The Plight of the Fatherless

A troubled young man wearing a hoodie
The statistics on fatherlessness are bleak, but there is hope.

Growing up in a single-parent home has affected my life in extraordinary ways. I am among a generation of Americans who learned to live life without the presence and guidance of a father in the home. Fatherlessness has become so prevalent in our society, we rarely bat an eyelid at its mention. After all, who can’t name a laundry list of people affected by it? About half of my own close friends growing up were similarly raised by their mothers. But no matter how common fatherlessness has become, the impact of this social ill is one and the same.

19.7 million American children, more than 1 in 4, live without a father in the home (US Census Burea 2017). According to the National Fatherhood Initiative, children in father-absent homes measured against children in two-parent homes have twice the risk of infant mortality, twice the risk of obesity, and are twice as likely to drop out of high school. They are four times more likely to live in poverty and seven times more likely to become become pregnant as a teen. They are more likely to experience neglect and abuse. They are more likely to abuse drugs and exhibit behavioral problems. And they commit crimes and go to jail at much higher rates than their peers. It is a well-known that America’s prisons are lined with the ranks of the fatherless.

The numbers don’t lie. But they also don’t tell the whole story. And they certainly don’t have the final say.

I Will Not Be Defined By Statistics

Like many people who grew up in a single-parent home, there were a number of role models who made a meaningful difference in my life. I’m talking about teachers, uncles, grandparents, and church elders. I was fortunate enough to have a mentor in high school who was a young adult pastor at a local church. He took me to restaurants, gave me advice, and attended my soccer games. His presence in my life for a season was a breath of fresh air and I am appreciative for what he did.

Today I have a mentor who I dialogue with regularly. I am always eager to get his advice and bounce ideas off him. In reality, he is a type of father figure. I believe no matter how old you get, it is important to have someone in your life on a more advanced level. It’s one thing to learn from peers or to figure something out for yourself. But it’s that much easier with the help of someone who’s been there and done that and can speak from a place of experience.

Our Father Who Art In Heaven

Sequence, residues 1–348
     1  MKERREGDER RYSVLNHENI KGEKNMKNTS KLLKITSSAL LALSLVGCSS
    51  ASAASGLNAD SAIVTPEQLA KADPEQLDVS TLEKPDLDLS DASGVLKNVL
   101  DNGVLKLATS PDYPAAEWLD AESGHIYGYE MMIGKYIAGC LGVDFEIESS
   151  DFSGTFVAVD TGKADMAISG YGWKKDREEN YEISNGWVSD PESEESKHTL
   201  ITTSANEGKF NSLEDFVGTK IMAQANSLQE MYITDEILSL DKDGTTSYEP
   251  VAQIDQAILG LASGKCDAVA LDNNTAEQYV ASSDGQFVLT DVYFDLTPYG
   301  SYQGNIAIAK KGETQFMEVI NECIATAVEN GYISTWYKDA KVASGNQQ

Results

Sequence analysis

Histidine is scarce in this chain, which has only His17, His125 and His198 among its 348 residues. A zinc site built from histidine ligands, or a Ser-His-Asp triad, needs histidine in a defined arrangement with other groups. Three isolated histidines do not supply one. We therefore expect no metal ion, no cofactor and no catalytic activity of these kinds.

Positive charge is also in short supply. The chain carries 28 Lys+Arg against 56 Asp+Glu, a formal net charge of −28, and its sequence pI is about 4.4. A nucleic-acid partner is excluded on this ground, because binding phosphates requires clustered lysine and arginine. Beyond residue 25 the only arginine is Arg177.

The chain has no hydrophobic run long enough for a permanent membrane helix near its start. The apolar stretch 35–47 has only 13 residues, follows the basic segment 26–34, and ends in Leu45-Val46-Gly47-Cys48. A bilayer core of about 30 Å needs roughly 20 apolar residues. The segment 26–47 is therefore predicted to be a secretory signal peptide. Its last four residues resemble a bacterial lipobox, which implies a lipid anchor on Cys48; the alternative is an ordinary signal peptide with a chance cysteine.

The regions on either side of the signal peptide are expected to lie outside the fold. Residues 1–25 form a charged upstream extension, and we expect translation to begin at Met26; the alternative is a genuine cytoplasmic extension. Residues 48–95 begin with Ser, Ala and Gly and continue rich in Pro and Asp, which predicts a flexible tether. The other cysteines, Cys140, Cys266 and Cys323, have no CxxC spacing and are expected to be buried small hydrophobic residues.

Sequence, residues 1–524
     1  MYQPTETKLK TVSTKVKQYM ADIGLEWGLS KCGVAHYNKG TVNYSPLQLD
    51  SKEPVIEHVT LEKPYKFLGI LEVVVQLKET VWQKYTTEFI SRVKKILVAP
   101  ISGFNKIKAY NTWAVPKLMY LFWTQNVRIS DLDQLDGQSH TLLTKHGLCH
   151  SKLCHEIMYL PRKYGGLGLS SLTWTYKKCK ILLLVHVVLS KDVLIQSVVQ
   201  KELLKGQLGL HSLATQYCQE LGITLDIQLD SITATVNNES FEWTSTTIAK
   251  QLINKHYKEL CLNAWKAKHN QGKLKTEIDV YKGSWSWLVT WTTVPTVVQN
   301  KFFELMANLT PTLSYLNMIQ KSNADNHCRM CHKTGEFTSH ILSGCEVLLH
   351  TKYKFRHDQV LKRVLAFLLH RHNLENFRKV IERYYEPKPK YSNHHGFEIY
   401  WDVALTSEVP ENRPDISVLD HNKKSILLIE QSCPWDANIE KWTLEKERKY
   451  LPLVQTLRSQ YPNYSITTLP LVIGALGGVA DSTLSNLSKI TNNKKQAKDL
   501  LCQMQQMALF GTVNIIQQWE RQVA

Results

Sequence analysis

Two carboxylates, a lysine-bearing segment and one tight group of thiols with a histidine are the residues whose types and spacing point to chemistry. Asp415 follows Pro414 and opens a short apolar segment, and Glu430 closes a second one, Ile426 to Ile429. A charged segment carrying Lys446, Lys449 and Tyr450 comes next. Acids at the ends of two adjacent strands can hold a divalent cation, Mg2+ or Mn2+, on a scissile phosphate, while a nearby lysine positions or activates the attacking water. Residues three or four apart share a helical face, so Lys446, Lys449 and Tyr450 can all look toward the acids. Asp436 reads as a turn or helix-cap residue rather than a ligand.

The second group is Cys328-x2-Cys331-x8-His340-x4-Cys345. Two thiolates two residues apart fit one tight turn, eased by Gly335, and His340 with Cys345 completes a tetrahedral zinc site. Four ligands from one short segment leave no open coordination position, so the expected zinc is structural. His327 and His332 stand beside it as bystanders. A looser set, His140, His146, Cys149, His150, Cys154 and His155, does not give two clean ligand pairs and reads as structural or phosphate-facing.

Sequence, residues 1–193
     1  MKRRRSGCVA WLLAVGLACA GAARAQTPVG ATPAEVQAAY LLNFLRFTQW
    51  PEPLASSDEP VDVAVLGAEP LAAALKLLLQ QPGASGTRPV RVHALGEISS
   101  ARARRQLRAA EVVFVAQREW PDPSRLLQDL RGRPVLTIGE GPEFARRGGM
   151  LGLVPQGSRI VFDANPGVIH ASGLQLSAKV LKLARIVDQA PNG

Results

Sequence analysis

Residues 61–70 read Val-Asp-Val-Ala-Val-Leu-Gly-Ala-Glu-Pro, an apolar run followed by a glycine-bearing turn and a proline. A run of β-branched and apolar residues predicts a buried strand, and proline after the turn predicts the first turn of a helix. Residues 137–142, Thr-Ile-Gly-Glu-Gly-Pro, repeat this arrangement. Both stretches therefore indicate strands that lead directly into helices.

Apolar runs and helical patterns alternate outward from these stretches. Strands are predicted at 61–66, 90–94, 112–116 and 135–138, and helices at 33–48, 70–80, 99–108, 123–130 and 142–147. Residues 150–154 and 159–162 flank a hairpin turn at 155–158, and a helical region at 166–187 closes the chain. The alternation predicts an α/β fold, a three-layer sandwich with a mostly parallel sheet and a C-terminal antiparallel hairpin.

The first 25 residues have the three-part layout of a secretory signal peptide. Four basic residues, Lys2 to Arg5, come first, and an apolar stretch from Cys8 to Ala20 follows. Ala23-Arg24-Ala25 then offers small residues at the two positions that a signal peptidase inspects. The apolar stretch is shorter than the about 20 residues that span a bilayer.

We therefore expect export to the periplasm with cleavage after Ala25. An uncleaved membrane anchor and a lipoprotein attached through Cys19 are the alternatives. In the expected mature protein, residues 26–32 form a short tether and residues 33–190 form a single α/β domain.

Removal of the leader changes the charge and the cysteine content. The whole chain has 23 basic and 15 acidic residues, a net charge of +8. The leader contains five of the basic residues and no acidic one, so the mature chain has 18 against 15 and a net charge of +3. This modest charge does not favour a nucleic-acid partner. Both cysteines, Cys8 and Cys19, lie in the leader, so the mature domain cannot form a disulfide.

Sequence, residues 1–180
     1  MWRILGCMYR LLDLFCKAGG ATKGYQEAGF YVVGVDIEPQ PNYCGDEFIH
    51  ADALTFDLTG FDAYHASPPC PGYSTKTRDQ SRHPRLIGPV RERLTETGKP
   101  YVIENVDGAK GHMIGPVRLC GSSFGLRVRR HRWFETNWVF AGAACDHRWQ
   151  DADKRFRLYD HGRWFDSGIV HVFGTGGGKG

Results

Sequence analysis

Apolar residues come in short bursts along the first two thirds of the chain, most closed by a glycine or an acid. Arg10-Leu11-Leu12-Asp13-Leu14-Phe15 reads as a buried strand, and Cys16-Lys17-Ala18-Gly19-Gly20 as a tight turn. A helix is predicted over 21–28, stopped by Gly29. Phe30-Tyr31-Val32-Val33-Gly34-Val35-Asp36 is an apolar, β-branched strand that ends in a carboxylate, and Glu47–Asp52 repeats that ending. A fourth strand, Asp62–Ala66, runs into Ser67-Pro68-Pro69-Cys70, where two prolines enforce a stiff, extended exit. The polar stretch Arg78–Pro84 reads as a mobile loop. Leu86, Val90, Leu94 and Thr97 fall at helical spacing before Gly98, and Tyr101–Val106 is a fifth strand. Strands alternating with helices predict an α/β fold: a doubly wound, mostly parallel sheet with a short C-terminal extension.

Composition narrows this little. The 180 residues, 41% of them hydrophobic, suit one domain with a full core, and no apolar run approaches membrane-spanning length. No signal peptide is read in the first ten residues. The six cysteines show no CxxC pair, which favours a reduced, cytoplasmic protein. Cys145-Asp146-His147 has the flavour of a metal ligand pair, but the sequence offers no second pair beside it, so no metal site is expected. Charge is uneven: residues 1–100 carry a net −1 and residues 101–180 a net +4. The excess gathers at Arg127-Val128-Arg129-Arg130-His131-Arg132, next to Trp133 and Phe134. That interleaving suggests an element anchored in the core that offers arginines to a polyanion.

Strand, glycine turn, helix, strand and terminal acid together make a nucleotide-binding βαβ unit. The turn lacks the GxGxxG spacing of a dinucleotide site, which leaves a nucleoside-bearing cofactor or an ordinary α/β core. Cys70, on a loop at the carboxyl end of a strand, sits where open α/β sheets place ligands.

What about those who didn’t have meaningful father figures growing up? Or those like myself who had unresolved issues even with some outside help?

Full disclosure, I am a Christian. Faith in God is an anchor in my life. If you’re not spiritual, bear with me because there just may be something you can take away from this paragraph. In the Bible, God revealed himself to mankind as a Father. And he promised to bridge the gap where earthly fathers failed.

Father of the fatherless and protector of widows is God in his holy habitation.

Psalm 68:5

The title of this section—Our Father who art in heaven—is the opening words of the Lord’s prayer. God wants human beings to address him as Father. It is a role he cherishes. And it is a role that operated in the trinity before time. Like every other spiritual blessing, the presence of God as Father is available to those who seek it.

Every good gift and every perfect gift is from above, coming down from the Father of lights, with whom there is no variation or shadow due to change.

James 1:17

Be The One To Break The Cycle

The truth is everyone has unresolved issues from their upbringing, even those raised by their biological parents. Most parents do the best they can, but at the end of the day they are flawed human beings. All people face the challenge of modeling the good examples set by their parents and improving upon the bad ones. Whenever someone provides a better upbringing for their children than the one they experienced, they are doing the best thing anyone can do to make the world a better place.

Adults who were raised in single-parent homes have a unique responsibility to reverse the cycle of fatherlessness that wreaks havoc in the world. If you’re like me, you don’t lack the motivation. I won’t let my kids see what I saw and feel what I felt because I am stronger than the last generation that failed. And I am confident that I have enough love in my being to make my vision of being a good father a reality.

The time is now to forgive. . The time is now to stop making excuses. . The time is now to move forward knowing that brighter days lie ahead. .

Author: Ben Peters

I'm a 20-something year old from the American Midwest passionate about using knowledge and the power of the mind to improve the quality of life. I enjoy researching, traveling, and connecting with people from around the world. I started this blog to share the discoveries that have improved my life and to learn from readers with access to this page.

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